After spending so much time (and a few disturbed sleeps) grappling with this and not making much headway, I just wrote. By the time I had finished, it was just one big section (over 35 pages long). Not surprisingly, it was a real struggle to read and make sense of. So from that, I tried thematically organising it and allocated the themes to some rather random subheadings. Although this was slightly better (only because the subheadings seemed to give the reader a little breather in between sections), I was left with a very large section talking about everything I possibly could, which didn’t seem as connected to my findings as I knew they should be. At that point, because I had spent so much time on it, it got to the stage where I couldn’t see the wood from the trees, so I left it as it was, popped it in my draft thesis and sent it off to my supervisors.xx

Then something lovely happened…I gave myself a 2 week (guilt free) PhD break. Oh my, it was just wonderful! I spent time with my family, chilled out a bit and increased my time at the gym. As a result, I’m now hooked on those ridiculously crazy mad INSANITY classes!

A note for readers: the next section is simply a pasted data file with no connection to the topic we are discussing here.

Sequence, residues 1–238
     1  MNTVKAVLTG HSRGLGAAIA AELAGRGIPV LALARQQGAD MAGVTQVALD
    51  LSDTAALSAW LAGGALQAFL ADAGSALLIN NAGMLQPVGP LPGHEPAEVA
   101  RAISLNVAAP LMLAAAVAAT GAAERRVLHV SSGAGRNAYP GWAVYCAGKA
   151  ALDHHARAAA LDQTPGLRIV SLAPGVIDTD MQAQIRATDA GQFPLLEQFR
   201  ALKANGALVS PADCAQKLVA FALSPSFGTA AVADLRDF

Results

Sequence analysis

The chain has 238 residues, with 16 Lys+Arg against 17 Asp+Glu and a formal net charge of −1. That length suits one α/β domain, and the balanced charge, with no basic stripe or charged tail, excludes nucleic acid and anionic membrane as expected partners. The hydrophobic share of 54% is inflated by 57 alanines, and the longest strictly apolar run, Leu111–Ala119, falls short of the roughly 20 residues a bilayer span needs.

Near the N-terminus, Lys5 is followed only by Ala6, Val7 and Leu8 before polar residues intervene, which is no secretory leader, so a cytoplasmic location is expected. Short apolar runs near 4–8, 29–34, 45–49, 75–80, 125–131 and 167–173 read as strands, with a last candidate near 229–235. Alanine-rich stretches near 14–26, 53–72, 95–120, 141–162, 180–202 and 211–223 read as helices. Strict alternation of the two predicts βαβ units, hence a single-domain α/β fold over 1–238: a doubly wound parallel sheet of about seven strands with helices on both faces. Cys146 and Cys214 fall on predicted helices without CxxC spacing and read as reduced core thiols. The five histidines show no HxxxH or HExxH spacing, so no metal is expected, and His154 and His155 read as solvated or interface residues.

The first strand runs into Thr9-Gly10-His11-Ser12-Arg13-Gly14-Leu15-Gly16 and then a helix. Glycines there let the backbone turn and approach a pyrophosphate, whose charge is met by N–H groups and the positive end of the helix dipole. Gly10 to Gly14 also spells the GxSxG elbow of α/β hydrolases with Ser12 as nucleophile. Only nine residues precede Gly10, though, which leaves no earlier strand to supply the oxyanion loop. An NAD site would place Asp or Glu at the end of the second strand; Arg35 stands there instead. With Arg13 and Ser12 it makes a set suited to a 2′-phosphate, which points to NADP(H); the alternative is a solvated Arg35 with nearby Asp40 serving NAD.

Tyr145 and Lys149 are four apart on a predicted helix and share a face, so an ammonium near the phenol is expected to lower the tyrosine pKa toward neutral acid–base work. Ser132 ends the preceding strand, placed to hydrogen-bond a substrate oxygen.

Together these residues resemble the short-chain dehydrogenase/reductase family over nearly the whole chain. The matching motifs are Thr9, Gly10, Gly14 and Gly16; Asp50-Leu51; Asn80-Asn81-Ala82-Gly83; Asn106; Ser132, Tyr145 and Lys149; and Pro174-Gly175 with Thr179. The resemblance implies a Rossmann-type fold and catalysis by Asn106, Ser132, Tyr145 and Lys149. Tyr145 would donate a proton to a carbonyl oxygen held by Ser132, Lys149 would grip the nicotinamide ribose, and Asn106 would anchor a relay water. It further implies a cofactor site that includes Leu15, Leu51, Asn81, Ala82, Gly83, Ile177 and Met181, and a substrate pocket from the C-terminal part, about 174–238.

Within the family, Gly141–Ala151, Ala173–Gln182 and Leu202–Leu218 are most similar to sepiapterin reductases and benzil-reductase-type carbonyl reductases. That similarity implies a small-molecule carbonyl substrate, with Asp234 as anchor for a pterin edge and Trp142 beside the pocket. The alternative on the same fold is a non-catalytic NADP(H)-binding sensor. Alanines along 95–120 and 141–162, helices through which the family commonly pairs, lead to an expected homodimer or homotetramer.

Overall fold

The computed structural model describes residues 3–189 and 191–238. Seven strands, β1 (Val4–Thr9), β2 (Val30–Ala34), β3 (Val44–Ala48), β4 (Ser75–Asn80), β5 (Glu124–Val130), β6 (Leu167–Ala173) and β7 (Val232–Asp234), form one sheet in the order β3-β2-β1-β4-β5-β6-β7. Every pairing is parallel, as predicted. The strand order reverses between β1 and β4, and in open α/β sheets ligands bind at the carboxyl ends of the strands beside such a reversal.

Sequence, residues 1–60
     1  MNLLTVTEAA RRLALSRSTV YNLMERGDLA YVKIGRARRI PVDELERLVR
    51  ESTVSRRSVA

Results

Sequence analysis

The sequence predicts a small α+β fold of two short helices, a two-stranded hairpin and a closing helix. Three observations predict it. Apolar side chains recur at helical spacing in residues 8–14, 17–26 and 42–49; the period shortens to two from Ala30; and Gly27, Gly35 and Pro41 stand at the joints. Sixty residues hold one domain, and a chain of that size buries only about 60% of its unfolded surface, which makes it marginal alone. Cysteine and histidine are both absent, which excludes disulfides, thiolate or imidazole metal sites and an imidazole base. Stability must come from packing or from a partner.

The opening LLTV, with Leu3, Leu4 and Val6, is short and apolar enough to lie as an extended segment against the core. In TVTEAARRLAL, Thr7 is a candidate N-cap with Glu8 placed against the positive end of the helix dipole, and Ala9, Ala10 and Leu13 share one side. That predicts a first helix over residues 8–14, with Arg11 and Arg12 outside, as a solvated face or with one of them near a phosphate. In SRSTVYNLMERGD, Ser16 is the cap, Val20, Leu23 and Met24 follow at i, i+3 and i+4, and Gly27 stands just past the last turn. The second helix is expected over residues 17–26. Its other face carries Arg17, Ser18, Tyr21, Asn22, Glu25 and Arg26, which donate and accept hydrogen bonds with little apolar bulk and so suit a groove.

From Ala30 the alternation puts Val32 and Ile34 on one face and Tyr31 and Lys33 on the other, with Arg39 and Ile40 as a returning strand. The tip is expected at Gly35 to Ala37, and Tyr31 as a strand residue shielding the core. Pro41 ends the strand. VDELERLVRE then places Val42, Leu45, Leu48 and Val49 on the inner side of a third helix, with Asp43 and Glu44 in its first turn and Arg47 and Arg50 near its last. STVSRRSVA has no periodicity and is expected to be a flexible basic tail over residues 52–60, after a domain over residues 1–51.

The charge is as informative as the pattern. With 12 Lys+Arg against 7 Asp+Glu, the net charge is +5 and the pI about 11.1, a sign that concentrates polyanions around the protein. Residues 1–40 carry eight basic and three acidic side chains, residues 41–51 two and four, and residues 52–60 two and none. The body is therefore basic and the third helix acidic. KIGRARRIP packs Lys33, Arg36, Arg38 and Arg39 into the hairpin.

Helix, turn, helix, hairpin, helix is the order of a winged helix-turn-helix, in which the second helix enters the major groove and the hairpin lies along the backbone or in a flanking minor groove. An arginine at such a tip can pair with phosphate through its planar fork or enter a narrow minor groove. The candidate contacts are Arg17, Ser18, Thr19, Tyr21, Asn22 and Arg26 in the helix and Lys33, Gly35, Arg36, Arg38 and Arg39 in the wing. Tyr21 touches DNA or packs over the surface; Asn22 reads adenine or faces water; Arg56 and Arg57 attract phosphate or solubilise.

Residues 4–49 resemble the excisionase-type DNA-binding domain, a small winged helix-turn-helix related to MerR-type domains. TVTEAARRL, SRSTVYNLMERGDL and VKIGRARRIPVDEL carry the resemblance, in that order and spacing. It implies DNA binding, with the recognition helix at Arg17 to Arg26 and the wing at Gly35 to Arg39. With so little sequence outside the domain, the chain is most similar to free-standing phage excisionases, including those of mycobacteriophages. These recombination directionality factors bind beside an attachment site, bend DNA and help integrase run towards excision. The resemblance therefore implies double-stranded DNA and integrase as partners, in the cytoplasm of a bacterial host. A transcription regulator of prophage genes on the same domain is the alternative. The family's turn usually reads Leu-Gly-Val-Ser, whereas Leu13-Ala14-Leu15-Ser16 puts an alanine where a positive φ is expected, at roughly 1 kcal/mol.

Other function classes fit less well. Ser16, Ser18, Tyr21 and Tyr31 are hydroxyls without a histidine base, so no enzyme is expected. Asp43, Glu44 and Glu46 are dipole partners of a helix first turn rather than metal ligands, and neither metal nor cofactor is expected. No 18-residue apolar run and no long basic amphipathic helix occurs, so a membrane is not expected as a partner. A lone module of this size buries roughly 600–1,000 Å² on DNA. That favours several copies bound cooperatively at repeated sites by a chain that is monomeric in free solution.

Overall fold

So this week, I had supervision to get feedback from my draft thesis. One of my supervisors always begins by asking me what I think of the work I’ve submitted to them. Although I’ve always found that question challenging, more often than not, we generally tend to agree on my evaluation (although I’m usually more critical than he is, which is nice). We agreed on most parts of the thesis (thankfully nothing major) and I was delighted to hear that both supervisors enjoyed reading it.